Wednesday, 19 September 2018

Ears, beaks, tops and leggings

A quick round up of a few little projects that otherwise wouldn't make it to the blog.

Book week was last month and the kids both agreed to go as the two main characters from the book we were currently reading together: The Wonderling by Mira Bartok

 

The book follows the adventures of a couple of  orphan "groundlings" which are part human part animal creatures. Arthur is a fox groundling with one very large ear and the superpower of amazing hearing. Trinket is his little bird friend who is an inventing genius and does amazing things with her beak. - "It's all in the beak, Arthur, all in the beak"


I won't go into a book review except to say that it was a thoroughly enjoyable read and the kids got very involved in the story. I've seen the book described as Dickensian, but I felt that one section was so derivative that I am prompted to read the kids Oliver Twist and see where they think the line sits...

Anyway to costumes: P was Arthur, a formerly un-named orphan known only by his Number 13 tag around his neck. We made that from some metal cut from an aluminium can (Flipper obligingly drank a Coke to help out the kids in their crafting) and then all he needed was one big ear.


The stash bucket yielded some foxy coloured fleece knits and a headband to cover. His favourite hoodie is looking suitably old, faded and torn now. Teemed with a foxy coloured Parachute Polo and some Field Trip cargo pants and he was sorted.

As a bird, Trinket struck me as very Kiwi like. I had a bit of my bird plumage brown knit fabric left from when I dressed as a scrub hen for the theatre (if you're new to the blog that sentence might surprise you, but that's how we roll).

Just enough for a long sleeved Tee and some leggings. The body of the T-shirt is pieced in a few spots but the pattern is so busy you'd never notice.


Forgive me a little boasting but I am quite proud of that beak! :) It's a styrofoam cucumber that came from the local, weird $2 asian shop that sells all sorts of stuff you never knew you needed. Among the kitchen utensils and placemats were these fake vegetables on strings. A raffia string with five long, green cucumbers attached was just what I needed. A bit of brown paint, a single cone from an egg carton and some elastic and we had a very kiwi-esque beak. The funny, frizzy hair extensions on bobby pins also came from that shop and make perfect fluffy bird bits on head and tail.

The only downside is A has decided the other four cucumbers on their string are "lovely" and insists on hanging them in her bedroom. Sigh.

Pattern wise the top is the Oliver + S School Bus T-shirt, size 8, with the neckband made into a higher skivvy neck with a slight cowl twist. The leggings are from a Japanese pattern book and I'd previously made another pair so the pattern tracing was already out.


They're size 130cm which is her height and measurements but they're really long. For the bird ones I just left them long, as I'm sure kiwis have slightly wrinkly ankles, right?

But for these blue ones I'd thought it would be fun to try and gather them and use some of this vertical bow ribbon that I've had in the stash for ages.


This leggings pattern was tried to see if it solved some of the crotch fit issues of the jeggings I'd made based on the Oliver + S Playtime leggings. It doesn't really, so I'm thinking the Jalie Eleonore pull-on jeans might be the pattern for stretch jeans/jeggings. Of course that's one I don't (yet) own. But that's also how I roll.... right?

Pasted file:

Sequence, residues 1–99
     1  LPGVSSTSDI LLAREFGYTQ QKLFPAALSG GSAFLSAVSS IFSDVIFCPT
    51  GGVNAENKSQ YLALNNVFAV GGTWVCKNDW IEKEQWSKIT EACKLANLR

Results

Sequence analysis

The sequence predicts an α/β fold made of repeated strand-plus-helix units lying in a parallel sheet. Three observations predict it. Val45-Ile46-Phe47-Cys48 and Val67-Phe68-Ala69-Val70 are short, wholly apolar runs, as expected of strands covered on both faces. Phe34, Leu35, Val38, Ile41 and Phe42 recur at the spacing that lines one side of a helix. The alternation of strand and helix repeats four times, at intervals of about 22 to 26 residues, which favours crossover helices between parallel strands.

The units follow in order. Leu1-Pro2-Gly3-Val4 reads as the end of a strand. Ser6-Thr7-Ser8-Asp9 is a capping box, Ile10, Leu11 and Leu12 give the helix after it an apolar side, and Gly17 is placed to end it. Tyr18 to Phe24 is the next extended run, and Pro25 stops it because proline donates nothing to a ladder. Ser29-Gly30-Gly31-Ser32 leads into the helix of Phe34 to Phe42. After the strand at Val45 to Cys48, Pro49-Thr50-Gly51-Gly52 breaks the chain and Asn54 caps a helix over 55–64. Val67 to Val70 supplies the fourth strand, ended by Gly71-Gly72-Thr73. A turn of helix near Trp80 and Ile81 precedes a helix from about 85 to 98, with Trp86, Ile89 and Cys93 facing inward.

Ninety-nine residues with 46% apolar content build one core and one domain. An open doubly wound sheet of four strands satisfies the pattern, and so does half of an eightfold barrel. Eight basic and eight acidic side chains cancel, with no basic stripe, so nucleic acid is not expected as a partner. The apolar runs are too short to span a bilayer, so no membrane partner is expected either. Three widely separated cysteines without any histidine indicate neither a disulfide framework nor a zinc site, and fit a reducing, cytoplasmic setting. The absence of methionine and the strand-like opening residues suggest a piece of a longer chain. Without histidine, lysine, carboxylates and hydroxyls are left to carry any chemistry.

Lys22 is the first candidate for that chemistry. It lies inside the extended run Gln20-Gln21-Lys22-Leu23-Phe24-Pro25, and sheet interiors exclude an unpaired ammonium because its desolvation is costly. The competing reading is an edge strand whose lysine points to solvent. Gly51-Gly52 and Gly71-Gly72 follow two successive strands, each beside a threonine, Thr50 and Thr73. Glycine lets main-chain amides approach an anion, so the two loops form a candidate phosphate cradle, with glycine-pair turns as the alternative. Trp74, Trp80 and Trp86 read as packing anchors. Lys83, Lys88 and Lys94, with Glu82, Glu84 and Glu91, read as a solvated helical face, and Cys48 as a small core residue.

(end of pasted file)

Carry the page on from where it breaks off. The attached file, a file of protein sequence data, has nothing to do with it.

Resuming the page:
Thursday, 6 September 2018

Nana pants mark 2

I only went in to Fabric Deluxe to get thread you know...

And there I found the perfect heavy knit fabric for more pull on pants. the kind of hefty nana-ish knit I was talking about back when I made these lighter weight ponte pull on pants.


But these ones aren't the same pattern (the others were V9284). This time I tried out the Anne Klein Vogue pattern V1517

How did I discover I had a second pattern for seamed, pull on knit pants? Well, I ended up with a few really lovely hides of navy leather at a very cheap price and suddenly remembered I had a pattern for a leather jacket. Lo and behold the same pattern yielded some pull on pants. How did I come to score a pile of leather hides? Well I went out to Eliza's to try and get a zipper.... :) (you know how it goes)


So I got my thread (and my zipper and leather) and then bought some of this heavy weight knit. It's a charcoal grey rib on one face and a matte black, smooth ponte type on the reverse. It was somewhat narrower than the average knit at only 135cm and I was keen to avoid any leftovers. I plumped for 1.25m after reading, then disregarding, the pattern fabric requirements on my phone at the store. (it only lists 150cm wide knit and suggests 1.6m).

I traced the size 12 (after measuring exactly as per the size 14 - but I'm learning) and then overlaid the pattern pieces from the V9284 pants. The legs looked very similar but the rise was much shorter on these ones. So I added 1" depth at the crotch lengthen/shorten line and another 1" length at the lower leg lengthen/shorten line. And with those changes it just fit on my fabric with nothing left to spare. (I had to cut some pieces upside down and if direction mattered you'd need 150cm wide fabric or to double the yardage)


Size and fit wise I think I was mostly correct. Certainly sizing down was right and I think the extra length at both positions was a good call. I love how the back rise of my other pants allows me to cycle without looking like a tradie who's lost his driver's license. These ones afford a similar coverage now.

The back seams are set a bit too far to the sides from above the knee. They're fairly centered on my calves but need to come more to the midline from there up. The only other review I could find of these pants suggested the same thing.


They're certainly comfortable and while they suffer the same existential crisis as my other pull-on pants (real pants or trackpants - what are you?) I've been wearing them around the house as well as out once and they're not half bad.